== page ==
ASPS2023 Award winner profiles

Jan Anderson Award won by

Caitlin Byrt, ANU.

Associate Professor Caitlin Byrt is a bioengineer at The Australian National University working on engineering novel crops and on plant-inspired membrane biotechnologies. The crop biotechnologies Caitlin and team are developing are designed to support achieving yield security goals in challenging environments in the future and to meet new market demands, and the membrane biotechnologies are designed to enable precious metal, mineral, nutrient and clean water resources to be harvested from industrial and urban wastewater and seawater so that they can be reused. Membrane biotechnology can contribute to the efficient use and reuse of the resources required for sustainable agriculture and renewable clean energy generation and storage. Caitlin’s research works have been cited by >4500 and led to fellowship opportunities such as an ARC DECRA (2005-2008) and an ARC Future Fellowship (2018-2023). Caitlin serves as start-up company co-founder and co-director for Membrane Transporter Engineers Pty Ltd and Deputy Director (Research) for the ARC Training Centre for Future Crops Development.


RN Robertson Lecture given by

Prof Kathleen Soole, Flinders University.

I graduated from University of Adelaide in 1986 with BSc (Hons) in Plant Biochemistry after studying agricultural science. In 1990 I was awarded my PhD from University of Adelaide where I began to identify the components of the plant mitochondrial electron transport chain responsible for non-phosphorylating NADH oxidation and their regulation. Prof Joe Wiskich was my supervisor and he became a long-term colleague, mentor and friend. After my PhD I worked in the UK for 4 years on a project looking at bacterial cellulases and silage degradation, returning to a lectureship at Flinders University, also in Adelaide. I have been an active member of Australian Society of Plant Scientists over the years, twice holding the Hon. Treasurer position, Education officer and President in 2018-2020. I am now a Dean in the College of Science and Engineering at Flinders, where I continue to actively promote plant science at all levels.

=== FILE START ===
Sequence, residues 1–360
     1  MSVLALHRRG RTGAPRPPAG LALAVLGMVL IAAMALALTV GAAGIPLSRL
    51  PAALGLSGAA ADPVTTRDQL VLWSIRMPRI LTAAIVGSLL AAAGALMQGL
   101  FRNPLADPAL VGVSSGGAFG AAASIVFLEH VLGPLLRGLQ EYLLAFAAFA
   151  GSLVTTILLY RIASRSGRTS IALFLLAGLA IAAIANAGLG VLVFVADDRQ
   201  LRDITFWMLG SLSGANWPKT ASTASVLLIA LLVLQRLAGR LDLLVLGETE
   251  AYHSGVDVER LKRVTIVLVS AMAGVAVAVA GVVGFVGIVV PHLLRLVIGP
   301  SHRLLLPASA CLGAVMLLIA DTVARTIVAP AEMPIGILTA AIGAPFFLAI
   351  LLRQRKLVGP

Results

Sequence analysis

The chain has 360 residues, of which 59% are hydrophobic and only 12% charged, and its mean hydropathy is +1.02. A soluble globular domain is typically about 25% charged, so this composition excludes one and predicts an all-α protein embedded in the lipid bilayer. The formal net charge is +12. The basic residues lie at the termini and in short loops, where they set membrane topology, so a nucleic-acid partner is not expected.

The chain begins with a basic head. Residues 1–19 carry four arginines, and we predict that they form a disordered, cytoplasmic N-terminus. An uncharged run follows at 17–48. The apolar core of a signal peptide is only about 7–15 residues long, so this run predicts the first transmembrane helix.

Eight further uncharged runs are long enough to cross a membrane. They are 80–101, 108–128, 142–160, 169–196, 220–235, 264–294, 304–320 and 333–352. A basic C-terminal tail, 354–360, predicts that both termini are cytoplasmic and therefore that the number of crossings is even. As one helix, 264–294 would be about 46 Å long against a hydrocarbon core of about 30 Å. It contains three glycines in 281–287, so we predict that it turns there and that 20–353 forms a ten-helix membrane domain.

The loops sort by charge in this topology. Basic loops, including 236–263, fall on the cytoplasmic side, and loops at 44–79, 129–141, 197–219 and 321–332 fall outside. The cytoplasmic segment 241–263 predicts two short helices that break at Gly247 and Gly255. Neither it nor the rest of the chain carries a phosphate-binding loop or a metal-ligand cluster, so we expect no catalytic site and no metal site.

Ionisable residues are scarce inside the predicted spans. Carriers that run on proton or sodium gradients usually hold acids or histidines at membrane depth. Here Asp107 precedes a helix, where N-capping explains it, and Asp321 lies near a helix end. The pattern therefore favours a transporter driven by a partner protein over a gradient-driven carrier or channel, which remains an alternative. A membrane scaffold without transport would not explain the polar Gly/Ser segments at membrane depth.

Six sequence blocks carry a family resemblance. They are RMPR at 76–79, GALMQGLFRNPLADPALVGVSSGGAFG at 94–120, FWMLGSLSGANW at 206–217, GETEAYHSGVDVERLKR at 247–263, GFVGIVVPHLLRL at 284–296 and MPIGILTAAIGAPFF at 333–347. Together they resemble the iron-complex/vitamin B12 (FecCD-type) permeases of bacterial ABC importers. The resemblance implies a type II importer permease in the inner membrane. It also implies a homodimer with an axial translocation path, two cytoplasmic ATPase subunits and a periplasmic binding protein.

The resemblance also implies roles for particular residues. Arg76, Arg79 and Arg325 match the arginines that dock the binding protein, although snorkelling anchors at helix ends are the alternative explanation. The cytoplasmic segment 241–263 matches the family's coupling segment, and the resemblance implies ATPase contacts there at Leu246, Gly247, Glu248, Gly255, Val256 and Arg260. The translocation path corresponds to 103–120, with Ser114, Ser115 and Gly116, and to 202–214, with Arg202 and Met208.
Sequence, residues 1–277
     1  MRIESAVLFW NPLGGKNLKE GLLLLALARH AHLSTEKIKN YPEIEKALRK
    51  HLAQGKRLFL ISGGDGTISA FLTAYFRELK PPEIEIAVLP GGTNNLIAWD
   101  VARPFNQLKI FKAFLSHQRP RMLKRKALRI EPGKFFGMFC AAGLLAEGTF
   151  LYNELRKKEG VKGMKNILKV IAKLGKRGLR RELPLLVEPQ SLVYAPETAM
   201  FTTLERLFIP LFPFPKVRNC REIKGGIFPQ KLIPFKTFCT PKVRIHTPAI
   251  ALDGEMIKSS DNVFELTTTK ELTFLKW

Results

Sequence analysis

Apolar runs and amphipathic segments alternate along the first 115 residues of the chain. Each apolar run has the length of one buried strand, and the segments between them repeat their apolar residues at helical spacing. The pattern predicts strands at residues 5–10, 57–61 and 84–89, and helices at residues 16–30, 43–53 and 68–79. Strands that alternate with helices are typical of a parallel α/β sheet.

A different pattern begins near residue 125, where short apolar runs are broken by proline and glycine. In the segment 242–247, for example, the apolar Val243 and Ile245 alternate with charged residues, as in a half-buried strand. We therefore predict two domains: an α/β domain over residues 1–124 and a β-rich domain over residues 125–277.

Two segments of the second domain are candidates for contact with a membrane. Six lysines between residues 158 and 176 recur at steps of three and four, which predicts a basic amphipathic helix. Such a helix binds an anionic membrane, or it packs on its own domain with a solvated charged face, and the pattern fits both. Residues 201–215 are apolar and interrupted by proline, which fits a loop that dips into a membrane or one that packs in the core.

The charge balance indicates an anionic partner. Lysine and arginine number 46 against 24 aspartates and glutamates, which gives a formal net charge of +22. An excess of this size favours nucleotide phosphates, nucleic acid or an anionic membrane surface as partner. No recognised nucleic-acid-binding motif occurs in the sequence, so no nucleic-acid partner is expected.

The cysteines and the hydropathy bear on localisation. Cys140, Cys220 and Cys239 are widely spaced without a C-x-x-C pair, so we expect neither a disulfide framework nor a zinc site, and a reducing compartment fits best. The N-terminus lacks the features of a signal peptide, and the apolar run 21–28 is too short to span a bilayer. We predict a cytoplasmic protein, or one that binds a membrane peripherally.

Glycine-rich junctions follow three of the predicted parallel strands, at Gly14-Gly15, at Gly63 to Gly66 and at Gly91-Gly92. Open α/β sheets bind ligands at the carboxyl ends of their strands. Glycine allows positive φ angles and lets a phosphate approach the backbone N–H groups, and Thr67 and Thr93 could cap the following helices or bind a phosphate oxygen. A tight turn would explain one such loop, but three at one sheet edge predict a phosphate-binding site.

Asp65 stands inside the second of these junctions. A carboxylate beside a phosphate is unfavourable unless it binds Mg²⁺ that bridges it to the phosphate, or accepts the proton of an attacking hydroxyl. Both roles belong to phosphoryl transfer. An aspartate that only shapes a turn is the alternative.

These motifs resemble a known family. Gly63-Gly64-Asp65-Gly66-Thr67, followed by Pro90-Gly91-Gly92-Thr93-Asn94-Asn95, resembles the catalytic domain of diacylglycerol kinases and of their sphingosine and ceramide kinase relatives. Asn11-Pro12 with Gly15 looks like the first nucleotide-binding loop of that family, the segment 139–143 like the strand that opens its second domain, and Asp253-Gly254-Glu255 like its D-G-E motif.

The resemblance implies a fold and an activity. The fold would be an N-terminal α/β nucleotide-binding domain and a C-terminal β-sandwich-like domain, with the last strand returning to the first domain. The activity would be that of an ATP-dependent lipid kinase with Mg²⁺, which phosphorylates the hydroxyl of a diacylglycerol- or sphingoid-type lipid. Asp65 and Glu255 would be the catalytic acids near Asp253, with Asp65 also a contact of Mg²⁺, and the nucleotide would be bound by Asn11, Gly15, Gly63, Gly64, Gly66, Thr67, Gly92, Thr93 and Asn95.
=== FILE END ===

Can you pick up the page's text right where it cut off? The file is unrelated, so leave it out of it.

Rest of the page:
Peter Goldacre Award won by

Dr Tatiana Soares da Costa, University of Adelaide.

Dr Tatiana Soares da Costa leads a multi-disciplinary research team in the Waite Research Institute at the University of Adelaide dedicated to developing innovative strategies to mitigate the rise in herbicide resistance that threatens agricultural production.

Tatiana transitioned to plant biochemistry by applying learnings from tackling antibiotic resistance in superbugs to herbicide resistance in weeds. Her team has discovered highly specific herbicidal compounds that are less prone to generating resistance.

Tatiana has published 50 journal articles and has been awarded >$3M in competitive funding as sole or lead chief investigator, including three consecutive fellowships – an NHMRC Peter Doherty Biomedical Fellowship (2015-19), an ARC DECRA (2019-22) and an ARC Future Fellowship (2023-27).

Tatiana is passionate about making science accessible by engaging with STEM professionals, politicians, students, community and media. She was named one of the 2023-24 Superstars of STEM and the 2022 South Australian Young Tall Poppy Scientist of the Year.


Functional Plant Biology Best Paper Award won by

Dr Babar Shahzad, University of Tasmania.